MEAL 2: enlivening. Based around the classic ‘bitter greens’, this is essentially a big salad made with dandelion greens, mustard greens, arugula, grated red cabbage, kale, and spinach. Don’t use fruit, nuts or grains in this salad, but consider adding “live food” such as sauerkraut or kimchee. Dress it with olive oil and lemon juice, and perhaps a little dash of salt (or better yet, seaweed powder or gomasio). A generous bowlful of greens, fully dressed, isn’t more than 100 calories (mostly from oil).
OTHER FOODS: Generally, these two meals will serve as the bulk of daily calories. Warm constitutions can have a piece of fruit for breakfast / snack if desired, but it should be apart from other meals. Cool constitutions should just have a little more of MEAL 1 for breakfast or as a snack.
→ Warm constitutions: Fruit for breakfast; MEAL 1 for lunch; MEAL 2 for dinner.
→ Cool constitutions: MEAL 1 for breakfast and lunch, with a little ginger powder added in the grain. MEAL 2 for dinner, with a little pickled ginger on the side.
Step 3. Beverages. Aim for 4-5 glasses of pure water a day. Additionally:
BEV. 1: ‘Master Cleanser’ made with the juice of 1 lemon, 2 TBS maple syrup, 1/8 of a teaspoon of Cayenne, and 1 pint (16 ounces) of water.
BEV. 2: Herbal infusion, prepared with 4 TBS of herbal blend to 1 quart of hot water, and steeped, covered, for at least 30 minutes. Warm constitutions: blend Nettle leaf, Marshmallow root, Chamomile blossoms, and Cleavers herb in equal parts by volume. Cool constitutions: blend Nettle leaf, Marshmallow root, Fennel seed, and Calendula blossoms in equal parts by volume, and add a pinch of Cinnamon or Ginger if desired.
→ Drink 8 ounces of BEV. 1 twice a day, about an hour or so before lunch and before dinner (100 cal/cup). Drink 16 ounces of BEV. 2 twice a day, about 30 minutes or so after breakfast and after lunch. The herbal infusions support the elimination channels of the kidneys and lymphatic system, while soothing and balancing GI tract function.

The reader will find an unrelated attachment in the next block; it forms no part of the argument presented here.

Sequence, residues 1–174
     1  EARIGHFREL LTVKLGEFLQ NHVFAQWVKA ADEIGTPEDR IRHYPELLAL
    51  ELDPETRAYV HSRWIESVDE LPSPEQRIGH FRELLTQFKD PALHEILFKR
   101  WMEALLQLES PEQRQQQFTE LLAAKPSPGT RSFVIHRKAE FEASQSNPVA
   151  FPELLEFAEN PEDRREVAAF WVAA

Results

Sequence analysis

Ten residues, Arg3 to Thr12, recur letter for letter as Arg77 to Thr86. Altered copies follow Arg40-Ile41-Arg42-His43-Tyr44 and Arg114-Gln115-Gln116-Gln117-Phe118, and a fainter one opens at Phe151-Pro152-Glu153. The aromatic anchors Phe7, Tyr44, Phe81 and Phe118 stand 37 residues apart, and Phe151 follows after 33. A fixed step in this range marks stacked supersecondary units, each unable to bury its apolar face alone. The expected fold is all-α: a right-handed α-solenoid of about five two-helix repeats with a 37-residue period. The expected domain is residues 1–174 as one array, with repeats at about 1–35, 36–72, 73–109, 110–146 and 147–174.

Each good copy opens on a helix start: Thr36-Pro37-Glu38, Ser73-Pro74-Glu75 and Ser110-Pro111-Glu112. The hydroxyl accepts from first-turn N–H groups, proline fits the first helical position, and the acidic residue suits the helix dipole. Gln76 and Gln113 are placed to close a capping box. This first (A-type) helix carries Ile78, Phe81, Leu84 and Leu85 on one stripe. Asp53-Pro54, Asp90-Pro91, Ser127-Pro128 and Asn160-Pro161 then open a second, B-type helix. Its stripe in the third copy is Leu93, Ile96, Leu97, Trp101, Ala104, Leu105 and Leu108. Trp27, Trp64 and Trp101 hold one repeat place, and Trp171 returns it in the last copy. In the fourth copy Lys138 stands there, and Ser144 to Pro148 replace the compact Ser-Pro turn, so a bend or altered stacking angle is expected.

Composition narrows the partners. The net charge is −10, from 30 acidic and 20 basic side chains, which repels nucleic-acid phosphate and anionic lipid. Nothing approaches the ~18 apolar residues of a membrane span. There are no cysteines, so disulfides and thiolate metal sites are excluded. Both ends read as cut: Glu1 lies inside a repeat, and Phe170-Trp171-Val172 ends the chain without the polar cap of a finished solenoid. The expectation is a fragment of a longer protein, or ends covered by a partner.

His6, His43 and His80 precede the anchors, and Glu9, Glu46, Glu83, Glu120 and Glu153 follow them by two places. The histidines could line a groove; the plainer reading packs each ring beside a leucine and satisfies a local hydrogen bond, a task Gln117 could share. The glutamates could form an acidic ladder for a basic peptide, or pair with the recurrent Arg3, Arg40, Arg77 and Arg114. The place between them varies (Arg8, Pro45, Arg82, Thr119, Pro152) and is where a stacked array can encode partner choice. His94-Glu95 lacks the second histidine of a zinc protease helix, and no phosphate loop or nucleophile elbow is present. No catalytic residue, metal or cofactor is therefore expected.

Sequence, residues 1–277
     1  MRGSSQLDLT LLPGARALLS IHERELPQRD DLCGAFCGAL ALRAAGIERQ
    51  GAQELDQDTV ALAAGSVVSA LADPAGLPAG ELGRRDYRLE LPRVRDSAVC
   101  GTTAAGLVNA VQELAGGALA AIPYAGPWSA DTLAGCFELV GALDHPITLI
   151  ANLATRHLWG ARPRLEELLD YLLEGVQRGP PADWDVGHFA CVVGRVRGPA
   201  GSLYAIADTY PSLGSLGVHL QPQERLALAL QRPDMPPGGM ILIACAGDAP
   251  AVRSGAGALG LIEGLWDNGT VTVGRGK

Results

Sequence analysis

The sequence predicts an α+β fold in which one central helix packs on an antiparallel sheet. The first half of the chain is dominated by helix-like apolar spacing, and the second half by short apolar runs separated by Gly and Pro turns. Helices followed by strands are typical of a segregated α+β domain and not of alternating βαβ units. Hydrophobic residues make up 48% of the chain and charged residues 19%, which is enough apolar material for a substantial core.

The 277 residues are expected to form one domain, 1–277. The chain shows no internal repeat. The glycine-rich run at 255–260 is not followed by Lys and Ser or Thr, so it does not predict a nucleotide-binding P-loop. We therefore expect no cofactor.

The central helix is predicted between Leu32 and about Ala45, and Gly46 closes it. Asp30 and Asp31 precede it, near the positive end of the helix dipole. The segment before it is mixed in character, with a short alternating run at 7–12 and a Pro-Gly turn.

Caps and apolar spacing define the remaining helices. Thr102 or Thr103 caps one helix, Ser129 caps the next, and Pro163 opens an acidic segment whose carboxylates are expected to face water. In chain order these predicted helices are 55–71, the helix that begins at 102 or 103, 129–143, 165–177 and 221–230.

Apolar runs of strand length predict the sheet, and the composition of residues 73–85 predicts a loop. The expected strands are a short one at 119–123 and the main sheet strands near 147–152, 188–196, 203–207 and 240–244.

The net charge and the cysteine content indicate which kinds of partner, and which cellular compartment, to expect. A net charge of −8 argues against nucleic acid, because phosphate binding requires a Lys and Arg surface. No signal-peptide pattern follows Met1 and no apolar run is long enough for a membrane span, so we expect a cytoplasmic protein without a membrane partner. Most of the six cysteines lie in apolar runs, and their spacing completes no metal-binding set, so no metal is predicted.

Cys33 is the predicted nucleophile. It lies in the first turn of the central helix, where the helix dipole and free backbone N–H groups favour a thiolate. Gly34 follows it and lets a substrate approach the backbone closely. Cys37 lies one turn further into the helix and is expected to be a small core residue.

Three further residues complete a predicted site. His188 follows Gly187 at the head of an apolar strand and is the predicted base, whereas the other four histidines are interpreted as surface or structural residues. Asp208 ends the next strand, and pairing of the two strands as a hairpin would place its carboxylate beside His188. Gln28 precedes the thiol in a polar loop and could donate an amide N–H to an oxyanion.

Step 4. Herbal extracts. Special blends, constitutionally balanced, and designed to support gentle cleansing and elimination through the liver and biliary system. This also encourages proper elimination through the bowel.
Warm constitutions: Dandelion root tincture, Burdock root tincture, and Yellowdock root tincture in equal parts.
Cool constitutions: Dandelion root tincture, Burdock root tincture, and Angelica root tincture in equal parts.
→ Take one whole teaspoon of this extract, in a little bit of water, twice a day 15 minutes before lunch and before dinner.
Step 5. Finishing up. After 4 to 10 days, a typical fasting and cleansing process is complete. The first day or two are always the hardest, but most people feel quite good after 3 or 4 days and many times want to continue with the reduced-calorie regimen. This is fine, though I would consider adding a digestible protein source if going longer than 2 weeks, and I strongly advise caution in overly cool, deficient, or weak constitutions.
When you are ready to return to your more regular diet, transition back slowly. The first day should still feature MEAL 1 and MEAL 2, but perhaps a vegetable soup or stew can be added. After that, slowly introduce protein sources; dairy products (if desired); wheat and sugars (if desired); and alcoholic beverages / recreational drugs over the course of two or three days.
SAMPLE PROGRAM for a warm constitution:
7-day program, with a 1-day transition at the beginning and a 2-day transition at the end, for a total of 10 days.
DAY 1: regular food, but replace 1 meal with MEAL 2.
→Breakfast: 1 apple (100 kcal)
→BEV 2, 16 ounces (Nettle, Marshmallow, Chamomile, Cleavers)
→BEV 1, 8 ounces (100 kcal)
→15 minutes before lunch: 1 tsp. Herbal extract (Dandelion, Burdock, Yellowdock) in a little water.
→MEAL 1, 3 cups (about 750 kcal)
→Nice after-lunch walk (at least 45 minutes)
→BEV 2, 16 ounces (Nettle, Marshmallow, Chamomile, Cleavers)
→BEV 1, 8 ounces (100 kcal)
→15 minutes before dinner: 1 tsp. Herbal extract (Dandelion, Burdock, Yellowdock) in a little water.
→MEAL 2, with 1-2 TBS olive oil (100-
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→Short after-dinner walk, 15 minutes
DAY 9: MEAL 1 for breakfast, soup and salad for lunch, MEAL 2 for dinner.
DAY 10: regular breakfast, soup and salad for lunch, regular dinner.
Guido Masé is a clinical herbalist at the Burlington Herb Clinic. Learn more about Guido's work as an herbalist here. He and other herbalists at the clinic are available for consultations to help guide you through a cleanse, or to support you with other health goals. Book an appointment here, or contact us at firstname.lastname@example.org, (802) 540-0595. Guido's personal blog can be found here.